The right sports hernia stretches not only relieve pain, but help to correct and fix the imbalances and other muscular issues that caused you to get injured in the first place.
And that means learning the proper stretches to dramatically increase your chances of a full recovery.
Get the ULTIMATE Sports Hernia Master Guide with 30+ included resources, an in-depth rehabilitation program, tips, tricks, and more! Successfully diagnose, treat, and cure your sports hernia with this complete master guide created by a sports hernia specialist. Note that it is still highly recommended to read this article in full to understand how to get the most out of the guide to treat and cure your sports hernia or groin pain.
7 Best Sports Hernia Stretches
Perform each movement 3 times and make sure to hold each stretch for at least 30 seconds. When you are first starting out, it is important to do them all. As you complete the circuit a few times, you will be able to find which stretches help you the most and then focus more on those specifically.
- Seated Hip Internal Rotator Stretch
- Hip Flexor and Psoas Bench Stretch
- Standing Calf Stretch
- Table Hip Flexor and Psoas Stretch
- Seated Groin Stretch
- Frog Stretch
- Lying Quad Stretch
- Standing Hamstring Reach
How to Make Sports Hernia Stretches Work Much Better, for Longer
But before you dive into the 10-week rehabilitation protocol, it is a good idea to start stretching and building a base of mobility. It is likely that your body is extremely tight and inhibited—“loosening up” some before completing the exercises will not only make everything much less miserable, but more effective as well.
This comes down to the coveted 3-point physical therapy approach:
- Myofascial Release
- Progressive Resistance
Most people are familiar with stretching, but the last 2 points are often missed even by physical therapy specialists.
Have you ever reached down to touch your toes? If you notice, it gets slightly easier the second time after you try it. But if you don’t try it again until the next day, you won’t notice any better stretch.
This is because stretching is inherently a transient exercise—the pain-relieving and mobility benefits only last for a short period of time before wearing off.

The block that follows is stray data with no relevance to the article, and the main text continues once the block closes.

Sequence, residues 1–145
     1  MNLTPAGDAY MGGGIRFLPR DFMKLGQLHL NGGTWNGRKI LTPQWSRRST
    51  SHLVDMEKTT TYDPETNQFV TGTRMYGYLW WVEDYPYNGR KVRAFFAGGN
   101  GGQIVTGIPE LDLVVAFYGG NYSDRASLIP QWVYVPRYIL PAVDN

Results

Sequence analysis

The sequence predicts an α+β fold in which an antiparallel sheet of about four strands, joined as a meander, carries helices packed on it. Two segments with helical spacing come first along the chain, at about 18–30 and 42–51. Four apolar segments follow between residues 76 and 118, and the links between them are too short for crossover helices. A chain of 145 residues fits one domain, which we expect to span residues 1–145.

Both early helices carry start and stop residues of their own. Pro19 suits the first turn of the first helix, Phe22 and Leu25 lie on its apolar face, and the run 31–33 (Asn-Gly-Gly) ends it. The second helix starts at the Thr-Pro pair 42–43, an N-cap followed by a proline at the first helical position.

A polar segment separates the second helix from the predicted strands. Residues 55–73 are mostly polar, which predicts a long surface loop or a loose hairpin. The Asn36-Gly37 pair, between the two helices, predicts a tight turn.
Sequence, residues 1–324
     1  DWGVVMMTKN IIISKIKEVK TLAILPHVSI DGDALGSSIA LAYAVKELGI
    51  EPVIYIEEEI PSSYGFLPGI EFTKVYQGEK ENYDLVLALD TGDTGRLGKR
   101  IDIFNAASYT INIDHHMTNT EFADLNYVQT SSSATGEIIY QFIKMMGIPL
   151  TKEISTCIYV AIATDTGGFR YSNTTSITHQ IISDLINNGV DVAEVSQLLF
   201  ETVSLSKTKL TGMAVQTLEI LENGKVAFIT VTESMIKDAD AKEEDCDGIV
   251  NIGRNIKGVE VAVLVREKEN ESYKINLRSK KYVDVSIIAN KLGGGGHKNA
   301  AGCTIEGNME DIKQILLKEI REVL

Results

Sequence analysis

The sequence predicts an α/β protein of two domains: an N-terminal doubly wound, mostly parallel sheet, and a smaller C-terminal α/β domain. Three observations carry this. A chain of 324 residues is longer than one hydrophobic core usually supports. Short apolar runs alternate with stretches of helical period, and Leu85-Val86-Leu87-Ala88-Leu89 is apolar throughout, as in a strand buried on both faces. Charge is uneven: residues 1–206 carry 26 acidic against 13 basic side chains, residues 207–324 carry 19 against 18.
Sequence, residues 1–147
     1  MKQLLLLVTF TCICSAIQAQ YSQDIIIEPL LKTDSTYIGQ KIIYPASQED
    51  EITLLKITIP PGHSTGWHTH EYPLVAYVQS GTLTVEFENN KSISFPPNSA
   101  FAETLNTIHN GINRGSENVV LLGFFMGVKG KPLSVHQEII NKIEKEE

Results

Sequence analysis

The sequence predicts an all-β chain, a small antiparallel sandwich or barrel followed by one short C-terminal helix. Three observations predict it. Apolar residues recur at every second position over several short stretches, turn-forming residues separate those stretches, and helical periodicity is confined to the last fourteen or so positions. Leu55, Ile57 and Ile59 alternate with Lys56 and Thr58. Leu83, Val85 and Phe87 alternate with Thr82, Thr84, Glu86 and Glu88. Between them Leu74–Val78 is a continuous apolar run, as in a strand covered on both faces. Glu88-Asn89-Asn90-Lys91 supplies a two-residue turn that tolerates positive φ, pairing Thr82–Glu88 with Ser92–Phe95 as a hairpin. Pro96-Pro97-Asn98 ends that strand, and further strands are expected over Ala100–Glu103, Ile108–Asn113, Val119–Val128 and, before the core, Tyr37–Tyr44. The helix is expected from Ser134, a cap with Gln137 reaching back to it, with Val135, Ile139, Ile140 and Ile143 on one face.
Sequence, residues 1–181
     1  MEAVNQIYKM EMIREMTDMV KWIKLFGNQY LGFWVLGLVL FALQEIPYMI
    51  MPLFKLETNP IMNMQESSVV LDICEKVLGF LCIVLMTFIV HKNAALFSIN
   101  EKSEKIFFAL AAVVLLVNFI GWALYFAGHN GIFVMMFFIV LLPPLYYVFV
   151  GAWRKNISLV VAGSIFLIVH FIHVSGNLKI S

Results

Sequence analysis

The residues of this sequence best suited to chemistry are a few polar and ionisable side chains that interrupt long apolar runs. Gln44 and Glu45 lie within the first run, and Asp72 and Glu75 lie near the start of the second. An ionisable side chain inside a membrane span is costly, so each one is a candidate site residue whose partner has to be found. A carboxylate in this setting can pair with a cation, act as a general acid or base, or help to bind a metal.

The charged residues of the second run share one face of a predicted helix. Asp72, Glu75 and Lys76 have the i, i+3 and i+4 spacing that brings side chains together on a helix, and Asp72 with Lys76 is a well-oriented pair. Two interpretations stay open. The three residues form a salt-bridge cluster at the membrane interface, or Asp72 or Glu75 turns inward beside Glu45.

But luckily, by following the correct rehab protocol that utilizes myofascial release and progressive resistance, you can make those benefits much more permanent!
The process is much simpler than you might think.
First you begin by completing the sports hernia stretches listed above. These will help to warm up your body and relieve pain and tension.
Next, complete the lower-body mobility circuit which will take you through more dynamic movements and stretches aimed at helping to “wake up” your tight and inhibited muscles. It also begins the process or retraining your old, poor movement patterns that triggered the injury to begin with.
Finally, complete the exercises listed in the sports hernia treatment plan to train that new and improved range of motion with resistance.
What exactly do we mean by “resistance”?
When physical therapists refer to the term progressive resistance that simply means anything that causes your muscles to contract—exercises.
By first stretching and using myofascial release techniques, you are able to regain flexibility and balance. BUT, you must then make those changes long-lasting by performing the rehab exercises immediately after to train that new range of motion with resistance.
Because you are using resistance, your body will be forced to permanently adapt to the new movement pattern—meaning you get to keep the pain-relieving benefits of stretching with you at all times!
If you can follow-through with the steps outlined in this article for just 2 weeks, you will experience an almost unbelievable drop in pain as well as more mobility, flexibility, and strength!
Once you are completely pain free, it is recommended that you still complete the stretching and mobility circuit at least once per week before you exercise to make sure you hold onto the benefits.